1. Efficient Use of Judicial Resources

The crux of Defendants' argument in favor of withdrawal appears to be that the Bankruptcy Court lacks jurisdiction to conduct a jury trial on the malpractice component of the bifurcated case, and that, as a result, it would be more efficient for this Court to assume responsibility for the entire case.[2] Assuming for the sake of argument that Defendants are correct with regard to the jurisdiction issue, [3] the interests of judicial economy are best served by permitting the Bankruptcy Court to resolve the disgorgement component of the case and to conduct all pretrial proceedings relative to the malpractice component. The mere possibility that the malpractice component of the case may eventually be tried to a jury in this Court does not warrant upsetting the traditional separation of responsibilities as between the Bankruptcy Court and the District Court. See In re Healthcentral.com, 504 F.3d 775, 788 (9th Cir. 2007) ("A valid right to a Seventh Amendment jury trial in the district court does not mean the bankruptcy court must instantly give up jurisdiction and that the action must be transferred to the district court. Instead... the bankruptcy court may retain jurisdiction over the action for pre-trial matters."). This factor weighs against granting the motion to withdraw.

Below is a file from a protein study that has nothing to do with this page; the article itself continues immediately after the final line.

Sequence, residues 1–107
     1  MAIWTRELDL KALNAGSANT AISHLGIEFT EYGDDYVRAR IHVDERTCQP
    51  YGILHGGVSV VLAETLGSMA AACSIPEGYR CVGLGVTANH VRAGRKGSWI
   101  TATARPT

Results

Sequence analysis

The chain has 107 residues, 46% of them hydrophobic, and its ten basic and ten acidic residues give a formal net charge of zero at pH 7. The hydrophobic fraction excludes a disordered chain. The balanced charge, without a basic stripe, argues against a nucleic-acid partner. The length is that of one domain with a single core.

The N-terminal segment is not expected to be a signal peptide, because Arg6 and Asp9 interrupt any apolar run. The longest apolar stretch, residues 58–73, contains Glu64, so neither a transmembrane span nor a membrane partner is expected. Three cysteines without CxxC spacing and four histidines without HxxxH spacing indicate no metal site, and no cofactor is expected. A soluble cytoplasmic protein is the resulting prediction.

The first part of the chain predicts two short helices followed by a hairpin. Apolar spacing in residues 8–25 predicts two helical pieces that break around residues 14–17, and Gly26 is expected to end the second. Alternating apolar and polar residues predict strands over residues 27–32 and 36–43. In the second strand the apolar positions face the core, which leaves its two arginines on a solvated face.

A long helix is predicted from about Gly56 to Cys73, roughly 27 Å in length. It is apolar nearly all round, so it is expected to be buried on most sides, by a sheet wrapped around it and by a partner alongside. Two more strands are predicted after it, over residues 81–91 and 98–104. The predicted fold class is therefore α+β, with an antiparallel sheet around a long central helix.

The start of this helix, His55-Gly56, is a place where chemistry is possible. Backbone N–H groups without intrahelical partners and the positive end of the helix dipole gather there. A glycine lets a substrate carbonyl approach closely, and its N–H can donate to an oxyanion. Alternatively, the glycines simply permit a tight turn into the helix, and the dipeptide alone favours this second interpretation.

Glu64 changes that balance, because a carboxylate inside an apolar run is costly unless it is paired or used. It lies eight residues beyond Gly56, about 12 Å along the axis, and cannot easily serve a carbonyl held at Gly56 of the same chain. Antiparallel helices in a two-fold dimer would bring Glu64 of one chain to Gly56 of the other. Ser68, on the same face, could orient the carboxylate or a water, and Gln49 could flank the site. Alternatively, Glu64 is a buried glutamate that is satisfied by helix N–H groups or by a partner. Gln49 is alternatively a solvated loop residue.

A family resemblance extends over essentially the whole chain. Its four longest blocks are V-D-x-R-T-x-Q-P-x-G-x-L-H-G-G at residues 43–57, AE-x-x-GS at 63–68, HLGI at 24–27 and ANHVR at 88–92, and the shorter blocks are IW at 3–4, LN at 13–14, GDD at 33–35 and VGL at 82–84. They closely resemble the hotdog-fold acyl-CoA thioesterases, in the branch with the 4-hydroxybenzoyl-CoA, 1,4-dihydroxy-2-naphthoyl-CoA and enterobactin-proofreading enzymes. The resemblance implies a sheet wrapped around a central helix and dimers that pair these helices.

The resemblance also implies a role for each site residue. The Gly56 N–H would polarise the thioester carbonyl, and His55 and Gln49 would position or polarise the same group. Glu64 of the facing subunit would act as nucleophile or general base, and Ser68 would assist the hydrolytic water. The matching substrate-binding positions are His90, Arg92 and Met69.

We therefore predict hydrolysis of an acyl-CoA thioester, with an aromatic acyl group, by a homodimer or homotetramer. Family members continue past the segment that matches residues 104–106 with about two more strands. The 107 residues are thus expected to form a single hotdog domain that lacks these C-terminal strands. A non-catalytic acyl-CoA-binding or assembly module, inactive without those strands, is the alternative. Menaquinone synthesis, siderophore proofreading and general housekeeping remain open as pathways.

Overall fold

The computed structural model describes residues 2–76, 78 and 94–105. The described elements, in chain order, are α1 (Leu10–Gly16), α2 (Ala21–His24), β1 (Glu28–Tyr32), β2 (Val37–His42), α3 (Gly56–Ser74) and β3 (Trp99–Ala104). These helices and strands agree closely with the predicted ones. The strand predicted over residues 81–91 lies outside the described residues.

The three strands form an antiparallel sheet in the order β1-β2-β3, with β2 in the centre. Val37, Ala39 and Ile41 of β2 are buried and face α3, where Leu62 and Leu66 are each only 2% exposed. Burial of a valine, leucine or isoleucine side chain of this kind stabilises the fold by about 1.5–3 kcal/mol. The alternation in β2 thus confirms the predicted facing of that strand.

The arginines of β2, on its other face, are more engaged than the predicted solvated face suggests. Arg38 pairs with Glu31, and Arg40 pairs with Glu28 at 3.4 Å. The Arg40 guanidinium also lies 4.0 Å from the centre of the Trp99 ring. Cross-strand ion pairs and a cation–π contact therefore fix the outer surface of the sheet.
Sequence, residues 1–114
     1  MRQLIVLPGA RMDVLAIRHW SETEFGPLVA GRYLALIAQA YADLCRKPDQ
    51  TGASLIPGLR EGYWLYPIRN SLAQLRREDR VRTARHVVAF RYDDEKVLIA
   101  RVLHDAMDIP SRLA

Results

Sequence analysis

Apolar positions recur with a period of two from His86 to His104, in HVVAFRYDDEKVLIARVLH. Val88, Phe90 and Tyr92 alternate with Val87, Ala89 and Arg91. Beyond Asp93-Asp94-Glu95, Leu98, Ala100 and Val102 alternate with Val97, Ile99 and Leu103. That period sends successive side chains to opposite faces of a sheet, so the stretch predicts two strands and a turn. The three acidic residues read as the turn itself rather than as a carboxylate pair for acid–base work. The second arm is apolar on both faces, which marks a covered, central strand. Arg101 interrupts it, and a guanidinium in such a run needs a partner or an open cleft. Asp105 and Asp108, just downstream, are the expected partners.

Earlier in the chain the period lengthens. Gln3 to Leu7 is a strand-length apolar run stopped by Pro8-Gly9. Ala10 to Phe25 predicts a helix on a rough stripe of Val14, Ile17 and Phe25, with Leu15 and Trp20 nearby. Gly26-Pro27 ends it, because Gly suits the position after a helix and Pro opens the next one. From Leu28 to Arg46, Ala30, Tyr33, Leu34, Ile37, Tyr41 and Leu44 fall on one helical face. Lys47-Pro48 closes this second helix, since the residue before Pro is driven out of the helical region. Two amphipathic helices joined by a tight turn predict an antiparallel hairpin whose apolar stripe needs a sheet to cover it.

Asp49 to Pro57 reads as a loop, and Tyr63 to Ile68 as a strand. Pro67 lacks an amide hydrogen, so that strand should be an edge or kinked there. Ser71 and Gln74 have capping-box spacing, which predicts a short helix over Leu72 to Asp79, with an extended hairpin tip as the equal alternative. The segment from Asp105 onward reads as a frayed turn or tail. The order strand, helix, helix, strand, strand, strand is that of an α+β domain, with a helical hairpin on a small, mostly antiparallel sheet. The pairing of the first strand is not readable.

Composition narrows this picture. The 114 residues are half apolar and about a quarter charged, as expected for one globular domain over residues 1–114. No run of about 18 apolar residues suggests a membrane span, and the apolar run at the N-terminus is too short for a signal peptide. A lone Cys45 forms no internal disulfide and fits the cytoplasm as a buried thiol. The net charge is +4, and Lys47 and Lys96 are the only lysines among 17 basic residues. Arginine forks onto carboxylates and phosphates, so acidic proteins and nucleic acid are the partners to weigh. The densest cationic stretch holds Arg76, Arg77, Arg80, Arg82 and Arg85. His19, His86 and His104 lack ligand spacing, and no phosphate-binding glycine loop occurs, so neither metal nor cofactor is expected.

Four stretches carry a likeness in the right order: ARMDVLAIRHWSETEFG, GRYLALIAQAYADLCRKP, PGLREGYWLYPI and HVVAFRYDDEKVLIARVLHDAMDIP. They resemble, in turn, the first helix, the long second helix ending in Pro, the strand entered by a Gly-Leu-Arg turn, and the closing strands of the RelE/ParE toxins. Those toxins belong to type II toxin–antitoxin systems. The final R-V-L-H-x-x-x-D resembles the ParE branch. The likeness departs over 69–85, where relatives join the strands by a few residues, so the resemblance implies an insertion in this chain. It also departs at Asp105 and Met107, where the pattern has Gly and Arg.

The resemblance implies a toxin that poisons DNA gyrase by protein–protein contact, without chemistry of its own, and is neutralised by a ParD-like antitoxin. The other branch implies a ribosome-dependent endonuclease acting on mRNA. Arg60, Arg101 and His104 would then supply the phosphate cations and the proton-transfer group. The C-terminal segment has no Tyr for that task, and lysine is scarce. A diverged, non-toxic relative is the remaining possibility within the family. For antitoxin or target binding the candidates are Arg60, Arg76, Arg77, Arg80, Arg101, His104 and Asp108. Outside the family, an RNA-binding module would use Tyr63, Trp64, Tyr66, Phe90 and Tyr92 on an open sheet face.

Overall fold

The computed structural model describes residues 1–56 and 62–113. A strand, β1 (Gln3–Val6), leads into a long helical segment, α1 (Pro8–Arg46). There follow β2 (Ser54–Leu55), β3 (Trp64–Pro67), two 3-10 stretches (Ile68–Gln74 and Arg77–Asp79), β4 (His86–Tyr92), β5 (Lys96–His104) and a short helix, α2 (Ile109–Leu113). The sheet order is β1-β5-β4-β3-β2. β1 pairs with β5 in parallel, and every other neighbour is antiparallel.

2. Delay and Costs to Parties

The Bankruptcy Court has set the disgorgement component of the case for a bench trial in October 2014. If the reference was to be withdrawn, the case would not proceed to trial in this Court until mid-2015 at the earliest. Further, it does not appear that proceeding in the manner contemplated by the Bankruptcy Court will result in appreciably higher costs to the parties ...